Running with the bulls during the annual San Fermin fiesta in the Spanish city of Pamplona, or joining a traditional Ainu festival on Lake Akan in Hokkaido, may seem unusual ways for a choreographer to research — but not if the artist in question is Motoko Hirayama.

Often cited as Japan’s foremost contemporary dancer, Hirayama spoke frankly about her methodology when conducting research.

“I’m most comfortable with the uncomfortable,” she said. “I need things that keep me on edge, wondering if I’ll live up to the challenge.”

Yet even for this multi-award-winning Nagoya native, her newest work, “Hybrid-Rhythm & Dance” — which premieres March 25 at the New National Theatre Tokyo — is a stiff test.

As the third in a series of Hirayama’s contemporary dance productions at the theater, “Hybrid” takes its inspiration from world-music roots.

“Until now,” she explained, “I have always been attracted to new things, the most modern and innovative type of dance, but I realized that dance also has a primitive aspect and I didn’t want to leave that part out.

“So I came up with the idea of working together with music from other countries to produce a dance that would simply meld sound and basic physical movement — but at the same time feel ultra modern.”

After extensive research, Hirayama went to the northern Spanish city of San Sebastian in the Basque Autonomous Community to collaborate with musicians living there who play the traditional percussion instrument, the txalaparta — taking time out during her visit to join the Running of the Bulls in July in nearby Pamplona

As a result of that visit, for this production Hirayama is joined by Oreka Tx, a troupe of Basque musicians who she says inspired her both artistically and culturally.

“Their energy was so contagious that I felt like my own dance at the rehearsals was a bit lacking,” she said. “The way they went about practicing was so different from rehearsals in Tokyo, where everything is set — from what time to what time, start with a warm-up, have a goal for rehearsal, and so on.

“To them, that way of thinking was nonsense. They would start practicing and go on for as long as they liked.”

Oreka Tx suggested adding native Japanese musicians to the collaboration, so Hirayama later visited Ainu performers in Hokkaido, donning a traditional Ainu attush (kimono) and learning the Upopo dance for the annual Marimo Matsuri festival in early October.

“I simply fell in love with Ainu music. It’s very simple and the short phrases — less than 10 seconds long — are repeated again and again, but you can clearly imagine the story and drama as it emerges,” she said. “I loved the simplicity and the fact that it’s not artificially crafted.”

Consequently, in the upcoming production of “Hybrid,” Emi Toko, a celebrated Ainu singer of traditional chants, will perform with Oreka Tx.

The result? A true amalgam of artistry and roots music from opposite ends of Eurasia, focused on physical movement created by a Japanese choreographer greatly influenced by her travels.

“The two types of music are very different, as Basque music is made in a warm place and Ainu music is created in a very cold place. So at first it might seem difficult to put the two together,” she said. “But combining them was like a discovery resulting in something completely new and different.”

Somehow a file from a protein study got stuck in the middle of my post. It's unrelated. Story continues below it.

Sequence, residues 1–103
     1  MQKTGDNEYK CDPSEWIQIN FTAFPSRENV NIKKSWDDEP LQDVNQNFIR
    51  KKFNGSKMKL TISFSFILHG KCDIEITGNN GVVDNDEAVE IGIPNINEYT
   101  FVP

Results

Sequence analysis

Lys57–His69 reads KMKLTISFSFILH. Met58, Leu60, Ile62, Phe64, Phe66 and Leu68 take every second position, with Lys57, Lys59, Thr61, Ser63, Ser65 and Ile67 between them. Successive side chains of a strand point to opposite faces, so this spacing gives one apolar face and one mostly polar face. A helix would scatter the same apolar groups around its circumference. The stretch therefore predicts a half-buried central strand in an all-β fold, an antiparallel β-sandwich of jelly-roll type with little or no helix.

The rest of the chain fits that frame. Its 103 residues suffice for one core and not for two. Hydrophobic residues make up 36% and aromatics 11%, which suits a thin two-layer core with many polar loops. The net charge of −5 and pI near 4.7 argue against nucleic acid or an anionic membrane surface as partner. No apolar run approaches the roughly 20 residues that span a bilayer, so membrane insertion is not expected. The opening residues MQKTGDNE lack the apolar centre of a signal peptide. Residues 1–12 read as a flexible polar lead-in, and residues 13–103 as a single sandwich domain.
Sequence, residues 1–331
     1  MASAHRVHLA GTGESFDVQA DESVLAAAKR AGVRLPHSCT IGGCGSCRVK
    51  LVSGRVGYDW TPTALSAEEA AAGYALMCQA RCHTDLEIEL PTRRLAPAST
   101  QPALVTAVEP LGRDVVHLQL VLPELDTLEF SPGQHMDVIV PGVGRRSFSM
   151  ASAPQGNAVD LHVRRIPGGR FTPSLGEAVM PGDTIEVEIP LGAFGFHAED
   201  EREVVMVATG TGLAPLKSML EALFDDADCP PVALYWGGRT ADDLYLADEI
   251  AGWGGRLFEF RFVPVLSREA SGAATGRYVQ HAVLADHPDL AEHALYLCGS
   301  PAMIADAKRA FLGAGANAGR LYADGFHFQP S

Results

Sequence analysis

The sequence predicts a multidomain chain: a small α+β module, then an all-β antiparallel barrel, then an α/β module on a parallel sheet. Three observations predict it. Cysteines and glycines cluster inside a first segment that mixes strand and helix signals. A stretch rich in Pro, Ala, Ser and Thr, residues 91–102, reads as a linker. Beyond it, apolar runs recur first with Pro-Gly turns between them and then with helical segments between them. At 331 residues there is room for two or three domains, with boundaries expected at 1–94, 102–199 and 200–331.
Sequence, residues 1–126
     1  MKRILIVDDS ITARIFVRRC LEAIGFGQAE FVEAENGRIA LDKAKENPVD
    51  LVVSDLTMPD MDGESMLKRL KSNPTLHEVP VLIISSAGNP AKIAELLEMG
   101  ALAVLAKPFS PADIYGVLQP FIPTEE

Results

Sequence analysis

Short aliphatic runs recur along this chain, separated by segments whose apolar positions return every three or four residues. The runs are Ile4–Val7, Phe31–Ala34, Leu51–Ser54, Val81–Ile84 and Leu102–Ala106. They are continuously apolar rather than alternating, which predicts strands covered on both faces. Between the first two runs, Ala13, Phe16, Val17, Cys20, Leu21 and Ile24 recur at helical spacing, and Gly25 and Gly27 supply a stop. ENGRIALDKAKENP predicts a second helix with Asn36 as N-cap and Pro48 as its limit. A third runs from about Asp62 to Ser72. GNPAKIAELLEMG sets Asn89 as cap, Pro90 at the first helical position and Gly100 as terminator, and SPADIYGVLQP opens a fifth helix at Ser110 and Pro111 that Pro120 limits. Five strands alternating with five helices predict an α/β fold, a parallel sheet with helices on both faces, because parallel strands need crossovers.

Also joining Hirayama on stage will be five dancers, three men and two women. “I don’t really look for dancers who diligently follow everything I say,” she explained. “I look for ones who react more spontaneously. I’m also not concerned about finding dancers who are the same height or build. I look for ones who are more rugged or angular.

“These types of dancers can often be challenging for me as well, since they generally aren’t ‘yes men.’ They can react in ways to make me rethink or feel a bit on edge, but this is something I thrive on.

“So even though I may start out with a particular way of dancing in mind, somehow I often end up doing something completely different. It’s hard to put into words.

“I tell the dancers not to set specific goals in their dancing, but to go with the flow instead — so it may not be the same every time. Sometimes they get a bit upset because it keeps changing, but this process of testing compatibility is important.”

In her view, Hirayama — who also teaches movement to nondancers at the prestigious Tsukuba University in Ibaraki Prefecture — believes now is an exciting time in contemporary dance, one ripe for new ideas and challenges.

“Contemporary dance as we call it, has been around for about 60 or 70 years now, so I think a change is brewing,” she said. “There’s just so much out there. I really don’t know what will come next, but I believe it’s important to keep looking for it and always be open to new challenges.”

As for her current challenge, she said: “The word ‘hybrid’ means to combine things to make something new and different. Here, the things combined are not set, which makes the combinations so interesting.

“Perhaps people in the audience will begin to wonder what they could become if they were combined with the right element. I’m happy if this work provides a time for the people watching to think about these infinite possibilities.”

“Hybrid-Rhythm & Dance” runs March 25-27 at the New National Theatre in Hatsudai, Tokyo. Prices range from ¥6,480 to ¥3,240. For more details in English or Japanese, visit www.nntt.jac.go. jp.

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